The FAAMG stock complex [Facebook, Apple, Amazon, Microsoft and Google] has been one of the best investments of the past five years amid the incredible advances in technology that have powered massive bottom line gains for the biggest of the biggest in tech.
But the heady quarterly earnings gains for the likes of Facebook, Apple, Amazon, Microsoft and Google that investors have come to know and love may be at risk of a sharp cool-down if the Biden administration's various tax hikes kicks in next year, Goldman Sachs chief U.S. equity strategist David Kostin warns.
"If the Biden corporate tax plan were fully enacted, FAAMG 2022 estimated earnings would decrease by roughly 9% relative to consensus expectations," Kostin says. By comparison, the S&P 500's earnings would be reduced by 8% under the new corporate tax rate.
Kostin says FAAMG stocks are also vulnerable to any increase in the capital gains tax.
"If the capital gains tax rate becomes set to rise in 2022, investors subject to the higher rate may choose to realize some of their substantial capital gains in 2021 at the lower current tax rate. The FAAMG stocks have appreciated by $5 trillion during the last 5 years, accounting for 29% of the S&P 500 market cap increase during that time," Kostin explains.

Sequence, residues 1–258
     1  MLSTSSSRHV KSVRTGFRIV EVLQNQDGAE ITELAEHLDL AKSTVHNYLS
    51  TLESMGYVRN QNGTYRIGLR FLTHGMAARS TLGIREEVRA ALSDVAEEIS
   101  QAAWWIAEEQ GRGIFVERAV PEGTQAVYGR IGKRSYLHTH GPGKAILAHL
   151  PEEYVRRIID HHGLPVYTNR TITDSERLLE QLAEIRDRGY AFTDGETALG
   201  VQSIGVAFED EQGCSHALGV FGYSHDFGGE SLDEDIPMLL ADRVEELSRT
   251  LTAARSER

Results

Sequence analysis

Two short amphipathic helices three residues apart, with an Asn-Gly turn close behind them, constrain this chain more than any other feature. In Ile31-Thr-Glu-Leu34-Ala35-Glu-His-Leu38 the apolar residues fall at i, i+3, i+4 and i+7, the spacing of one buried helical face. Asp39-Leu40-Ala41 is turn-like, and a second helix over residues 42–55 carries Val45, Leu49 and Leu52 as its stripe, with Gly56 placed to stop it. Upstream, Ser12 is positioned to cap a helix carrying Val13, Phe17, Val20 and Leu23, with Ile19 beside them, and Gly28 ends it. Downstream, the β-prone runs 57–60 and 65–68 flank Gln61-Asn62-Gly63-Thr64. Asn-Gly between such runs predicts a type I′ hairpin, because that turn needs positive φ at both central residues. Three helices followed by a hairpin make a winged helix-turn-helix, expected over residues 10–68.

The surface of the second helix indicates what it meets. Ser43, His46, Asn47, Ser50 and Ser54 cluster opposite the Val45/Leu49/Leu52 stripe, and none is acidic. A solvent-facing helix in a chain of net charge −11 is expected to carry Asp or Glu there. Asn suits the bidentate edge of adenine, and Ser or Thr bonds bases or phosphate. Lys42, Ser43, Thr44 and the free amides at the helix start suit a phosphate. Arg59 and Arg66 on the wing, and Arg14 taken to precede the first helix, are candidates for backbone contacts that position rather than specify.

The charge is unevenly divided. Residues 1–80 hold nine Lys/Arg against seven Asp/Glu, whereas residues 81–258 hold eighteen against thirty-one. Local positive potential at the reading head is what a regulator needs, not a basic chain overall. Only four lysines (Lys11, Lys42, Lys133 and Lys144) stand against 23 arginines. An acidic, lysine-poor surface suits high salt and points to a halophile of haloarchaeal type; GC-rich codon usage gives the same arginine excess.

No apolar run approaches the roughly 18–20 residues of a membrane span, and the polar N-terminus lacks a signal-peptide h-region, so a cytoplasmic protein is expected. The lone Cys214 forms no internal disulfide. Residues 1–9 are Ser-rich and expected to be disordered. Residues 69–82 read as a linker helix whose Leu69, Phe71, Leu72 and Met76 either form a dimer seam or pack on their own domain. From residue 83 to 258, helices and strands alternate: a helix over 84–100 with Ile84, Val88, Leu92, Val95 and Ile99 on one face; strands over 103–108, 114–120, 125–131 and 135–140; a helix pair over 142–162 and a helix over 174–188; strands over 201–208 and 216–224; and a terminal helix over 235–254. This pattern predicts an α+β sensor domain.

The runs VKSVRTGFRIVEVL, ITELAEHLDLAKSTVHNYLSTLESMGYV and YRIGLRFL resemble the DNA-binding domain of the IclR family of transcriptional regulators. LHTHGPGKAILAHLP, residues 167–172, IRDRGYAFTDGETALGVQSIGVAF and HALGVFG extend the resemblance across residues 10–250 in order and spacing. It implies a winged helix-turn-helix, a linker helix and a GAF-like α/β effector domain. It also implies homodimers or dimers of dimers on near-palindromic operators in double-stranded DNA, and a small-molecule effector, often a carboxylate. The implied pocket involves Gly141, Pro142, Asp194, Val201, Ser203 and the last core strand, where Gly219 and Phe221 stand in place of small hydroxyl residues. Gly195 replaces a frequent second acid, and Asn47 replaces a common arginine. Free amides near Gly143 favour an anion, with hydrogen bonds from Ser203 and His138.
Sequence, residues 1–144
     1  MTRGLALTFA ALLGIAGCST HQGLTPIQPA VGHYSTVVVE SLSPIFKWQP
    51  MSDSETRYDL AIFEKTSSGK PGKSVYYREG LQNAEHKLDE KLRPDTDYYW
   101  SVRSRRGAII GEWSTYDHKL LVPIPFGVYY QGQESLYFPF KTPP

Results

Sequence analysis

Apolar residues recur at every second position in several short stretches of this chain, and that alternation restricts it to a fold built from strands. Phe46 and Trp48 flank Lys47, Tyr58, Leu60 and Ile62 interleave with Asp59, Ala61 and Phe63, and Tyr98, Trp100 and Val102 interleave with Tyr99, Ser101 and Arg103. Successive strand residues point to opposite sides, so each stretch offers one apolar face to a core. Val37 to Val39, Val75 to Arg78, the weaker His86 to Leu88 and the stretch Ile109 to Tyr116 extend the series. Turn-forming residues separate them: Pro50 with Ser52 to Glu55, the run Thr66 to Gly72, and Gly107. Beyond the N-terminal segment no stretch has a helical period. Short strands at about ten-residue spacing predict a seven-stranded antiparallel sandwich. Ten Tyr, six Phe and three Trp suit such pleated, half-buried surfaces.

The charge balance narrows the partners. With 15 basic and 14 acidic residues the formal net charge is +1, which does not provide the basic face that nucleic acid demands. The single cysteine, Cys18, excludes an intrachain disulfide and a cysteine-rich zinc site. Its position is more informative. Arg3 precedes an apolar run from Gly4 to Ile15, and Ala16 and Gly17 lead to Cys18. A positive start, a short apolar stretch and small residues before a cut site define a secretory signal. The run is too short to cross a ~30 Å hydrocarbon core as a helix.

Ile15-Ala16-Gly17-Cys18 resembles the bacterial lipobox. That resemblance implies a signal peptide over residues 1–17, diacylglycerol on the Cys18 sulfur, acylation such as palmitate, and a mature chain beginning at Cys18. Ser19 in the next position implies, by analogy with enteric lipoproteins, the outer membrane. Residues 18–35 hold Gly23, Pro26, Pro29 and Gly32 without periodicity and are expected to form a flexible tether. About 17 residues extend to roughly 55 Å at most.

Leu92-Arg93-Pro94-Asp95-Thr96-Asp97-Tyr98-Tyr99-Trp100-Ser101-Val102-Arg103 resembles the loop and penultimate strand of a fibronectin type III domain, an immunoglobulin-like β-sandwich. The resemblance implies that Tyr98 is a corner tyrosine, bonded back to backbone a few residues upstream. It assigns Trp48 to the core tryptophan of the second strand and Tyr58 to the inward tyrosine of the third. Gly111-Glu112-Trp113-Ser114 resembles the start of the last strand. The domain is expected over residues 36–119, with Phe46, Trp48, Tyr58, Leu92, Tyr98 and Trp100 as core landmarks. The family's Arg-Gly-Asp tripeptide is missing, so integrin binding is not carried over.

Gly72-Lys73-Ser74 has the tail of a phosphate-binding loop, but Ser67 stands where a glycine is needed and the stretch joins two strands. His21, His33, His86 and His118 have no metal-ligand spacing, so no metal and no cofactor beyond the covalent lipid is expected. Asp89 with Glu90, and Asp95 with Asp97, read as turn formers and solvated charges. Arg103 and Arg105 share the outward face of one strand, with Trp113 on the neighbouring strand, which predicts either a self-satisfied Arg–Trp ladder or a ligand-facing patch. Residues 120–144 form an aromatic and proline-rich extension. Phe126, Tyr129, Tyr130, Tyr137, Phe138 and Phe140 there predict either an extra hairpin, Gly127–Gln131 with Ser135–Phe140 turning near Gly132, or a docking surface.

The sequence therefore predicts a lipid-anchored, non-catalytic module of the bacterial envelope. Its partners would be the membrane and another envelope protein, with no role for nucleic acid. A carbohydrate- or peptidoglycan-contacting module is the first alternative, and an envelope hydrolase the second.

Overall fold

Adds Kostin, "The proposed tax reform plans by President Biden would raise both corporate and capital gains tax rates and represent possible sources of risk for the FAAMG stocks."
Suffice it to say, FAAMG lovers appear ill-prepared for changing bottom line dynamics under the new administration.
Goldman's research finds that FAAMG stocks trade at a forward price-to-earnings (P/E) multiple of 29 times, compared to 21 times for the remaining 495 stocks in the S&P 500. This 34% premium for the five largest stocks ranks in the 76th percentile going back to 1980.
These five stocks alone account for a whopping 21% of the S&P 500's index capitalization. That's not only significantly more than the long-term average of 14%, but also the 18% found at the peak of the tech bubble in 2000.